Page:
Mar 272013
 

 

I’ve had a lot of fun playing around with the “Magic Art Filters” on the Olympus TG-1 camera.  I know, I know… Real photographers don’t need toy-like filters to produce a good photo.  Go ahead and scoff, scowl or roll your eyes.  I don’t mind.  While you’re doing that, I’ll be over here having a blast with one of my twelve in-camera filters.

Kohala Coast, Hawaii Beach - Olympus Dramatic Filter

Kohala Coast Beach – Olympus Dramatic Filter

Koro Sea, Fiji - Fragment Filter

Koro Sea, Fiji – Fragment Filter

Savusavu Hammock - Watercolor Filter

Savusavu Hammock – Watercolor Filter

Savusavu Hammock - Dramatic Filter

Savusavu Hammock – Dramatic Filter

Fiji Palms - Drawing Filter

Fiji Palms – Drawing Filter

Kona Palms - Dramatic Filter

Kona Palms – Dramatic Filter

Gazing out to Sea - Watercolor Filter

Gazing out to Sea – Watercolor Filter

Every time I look at these photos, they make me smile.  I think that’s the point of these “magic filters”.  They aren’t meant to be serious.  You wouldn’t use them on a photo you wish to submit to National Geographic (or, insert name of serious publication here).

Photography is a lot of hard work.  Sure, shooting is fun, but then you’ve got the uploading, editing (which, tedious as it can be, I actually happen to love), packing, unpacking, cataloging, downloading, sourcing, software-learning, troubleshooting, marketing and selling part of the whole business.  While I’m usually really geeked out about photography, there are moments when I find it mind-numbing.  The next time that happens, I will reach for my trusty art filters and have a little fun again.

Mar 222013
 

Earlier this month, I was lucky enough to go on Kona’s famous manta ray night dive/snorkel.  I was accompanied by Mr. Reeftraveler as well as my sister-in-law and brother-in-law.  We dove with Captain Nancy of Dolphin Journeys.

Mantas are seen almost nightly on this shallow dive which takes place at 30 feet (10 m).  Bright lights, which attract plankton, are positioned on the sea floor as well as on the surface.  Mantas then arrive to feed on the plankton.  Various dive boats convene at the site, and on any given night there may be up to 70 or more divers and snorkelers viewing this phenomenon from above and below.  The dive is fairly structured, and divers are instructed to form a semicircle on the rocky bottom.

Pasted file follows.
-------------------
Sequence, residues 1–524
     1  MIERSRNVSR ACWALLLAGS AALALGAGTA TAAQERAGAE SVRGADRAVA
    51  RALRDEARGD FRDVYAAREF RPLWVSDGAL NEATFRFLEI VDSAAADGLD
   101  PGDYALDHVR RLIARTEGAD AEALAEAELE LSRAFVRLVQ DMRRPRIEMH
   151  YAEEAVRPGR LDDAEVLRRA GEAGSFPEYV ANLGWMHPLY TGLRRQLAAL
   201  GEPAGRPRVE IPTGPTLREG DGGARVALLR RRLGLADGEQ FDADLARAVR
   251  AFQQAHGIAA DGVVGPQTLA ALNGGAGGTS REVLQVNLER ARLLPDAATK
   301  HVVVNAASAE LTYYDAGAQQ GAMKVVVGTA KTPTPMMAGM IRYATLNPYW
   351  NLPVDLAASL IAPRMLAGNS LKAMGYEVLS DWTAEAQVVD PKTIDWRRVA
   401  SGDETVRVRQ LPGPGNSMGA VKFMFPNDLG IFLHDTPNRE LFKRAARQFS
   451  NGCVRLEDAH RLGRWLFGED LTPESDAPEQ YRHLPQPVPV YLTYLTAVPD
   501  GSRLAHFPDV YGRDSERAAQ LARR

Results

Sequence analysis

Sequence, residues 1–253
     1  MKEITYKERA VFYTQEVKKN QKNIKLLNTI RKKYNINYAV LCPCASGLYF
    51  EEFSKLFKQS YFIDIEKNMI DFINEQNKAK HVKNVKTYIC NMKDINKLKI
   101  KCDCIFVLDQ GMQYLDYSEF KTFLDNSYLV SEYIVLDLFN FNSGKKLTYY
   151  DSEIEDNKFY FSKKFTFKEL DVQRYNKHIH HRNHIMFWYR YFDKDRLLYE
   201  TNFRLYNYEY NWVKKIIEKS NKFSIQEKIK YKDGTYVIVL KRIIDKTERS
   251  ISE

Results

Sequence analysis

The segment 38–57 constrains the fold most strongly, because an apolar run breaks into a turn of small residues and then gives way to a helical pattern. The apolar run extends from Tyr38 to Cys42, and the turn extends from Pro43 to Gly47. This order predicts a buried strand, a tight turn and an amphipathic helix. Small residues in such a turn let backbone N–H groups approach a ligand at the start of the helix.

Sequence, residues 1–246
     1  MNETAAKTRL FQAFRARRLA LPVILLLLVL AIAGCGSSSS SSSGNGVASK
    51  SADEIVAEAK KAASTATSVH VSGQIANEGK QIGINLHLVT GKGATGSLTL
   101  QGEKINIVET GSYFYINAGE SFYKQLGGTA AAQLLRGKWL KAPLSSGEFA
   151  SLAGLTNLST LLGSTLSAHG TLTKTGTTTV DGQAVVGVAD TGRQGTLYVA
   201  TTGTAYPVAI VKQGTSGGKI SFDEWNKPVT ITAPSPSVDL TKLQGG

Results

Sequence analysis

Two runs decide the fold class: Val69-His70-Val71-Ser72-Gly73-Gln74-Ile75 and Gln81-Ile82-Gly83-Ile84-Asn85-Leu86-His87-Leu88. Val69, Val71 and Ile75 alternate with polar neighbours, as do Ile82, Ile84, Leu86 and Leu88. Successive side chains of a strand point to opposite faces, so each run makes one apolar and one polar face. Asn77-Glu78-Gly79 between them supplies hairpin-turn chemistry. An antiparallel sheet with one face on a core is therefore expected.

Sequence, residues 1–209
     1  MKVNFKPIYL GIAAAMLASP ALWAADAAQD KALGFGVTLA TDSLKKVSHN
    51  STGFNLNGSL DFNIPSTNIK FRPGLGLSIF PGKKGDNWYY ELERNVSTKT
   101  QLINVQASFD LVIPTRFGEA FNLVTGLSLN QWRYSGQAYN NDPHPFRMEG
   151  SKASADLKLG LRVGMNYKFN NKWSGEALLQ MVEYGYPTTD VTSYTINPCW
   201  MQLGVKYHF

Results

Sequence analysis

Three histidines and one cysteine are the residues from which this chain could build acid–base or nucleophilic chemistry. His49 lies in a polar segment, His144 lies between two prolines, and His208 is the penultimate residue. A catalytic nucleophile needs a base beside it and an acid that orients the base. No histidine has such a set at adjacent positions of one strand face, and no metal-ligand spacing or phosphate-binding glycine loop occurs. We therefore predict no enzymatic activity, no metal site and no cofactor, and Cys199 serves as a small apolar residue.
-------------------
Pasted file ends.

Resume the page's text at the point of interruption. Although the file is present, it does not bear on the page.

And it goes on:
Night Dive Crew Left to Right:  Mr. Reeftraveler, my sister-in-law, Me, my brother-in-law, Captain Nancy

Night Dive Crew
Left to Right: Mr. Reeftraveler, my sister-in-law, Me, my brother-in-law, Captain Nancy

Making sure to cover all angles, I snorkeled while the others dove.  Snorkeling proved to be a good choice, as only one manta showed up for dinner, and it remained near the surface almost the entire time.

Here is a silhouette of the manta with lights shining from above.

The manta briefly dove below to check out the food situation from about 15 feet.

This large moray eel came out to visit the divers.

Photo by Mr. Reeftraveler

Photo by Mr. Reeftraveler

Photo by Mr. Reeftraveler

Photo by Mr. Reeftraveler

Here’s a very short video of the manta, which I shot with my Olympus TG-1 with Fisheye lens.

For more information on Kona’s manta rays-

Manta Pacific Research Foundation

Mar 182013
 

We recently traveled to Kailua-Kona, Hawaii where we were lucky enough to swim with, dive with and view a plethora of marine life.  Kona’s waters are magical, even healing, for those who enjoy the ocean and its inhabitants (especially if you like the big stuff).

One of the highlights of the trip was swimming with Kona’s wild (not captive, that’s another (sad) story for another time) spinner dolphins.  For me, it was an intense experience which was deeply restorative.  Captain Nancy Sweatt of Dolphin Journeys was our guide for this excursion.  Captain Nancy runs an excellent operation.  As an ocean conservationist, she is deeply respectful of the dolphins and their natural habitat (more on this soon).

OLYMPUS DIGITAL CAMERA

The video footage below was shot by me and Mr. Reeftraveler.

Mar 122013
 

This video is a must-watch.  It shows dive instructor Keller Laros (aka Manta Man) of Kona, Hawaii freeing a dolphin’s pectoral fin by removing an embedded fishing line.  It’s amazing footage, both from a naturalist standpoint and from a technical standpoint (it is taken on a night dive).

This footage was taken on Kona’s famous manta ray night dive, which I did last week with a group of family members.  We dove with Captain Nancy Sweatt and her team from Dolphin Journeys, and it couldn’t have been a more amazing, personalized experience.  More to come on this front…

In the meantime, enjoy this beautiful dolphin up close and personal.

Mar 072013
 

I’ve just returned from an island that has all but two of the world’s climate zones yet is only 4,028 square miles (10,430 square kilometers).

Do you recognize this mountain?

Do you recognize this mountain?

Here’s another tip – the average temperature is 75-85 degrees Fahrenheit (24-28 Celsius).

Where was I?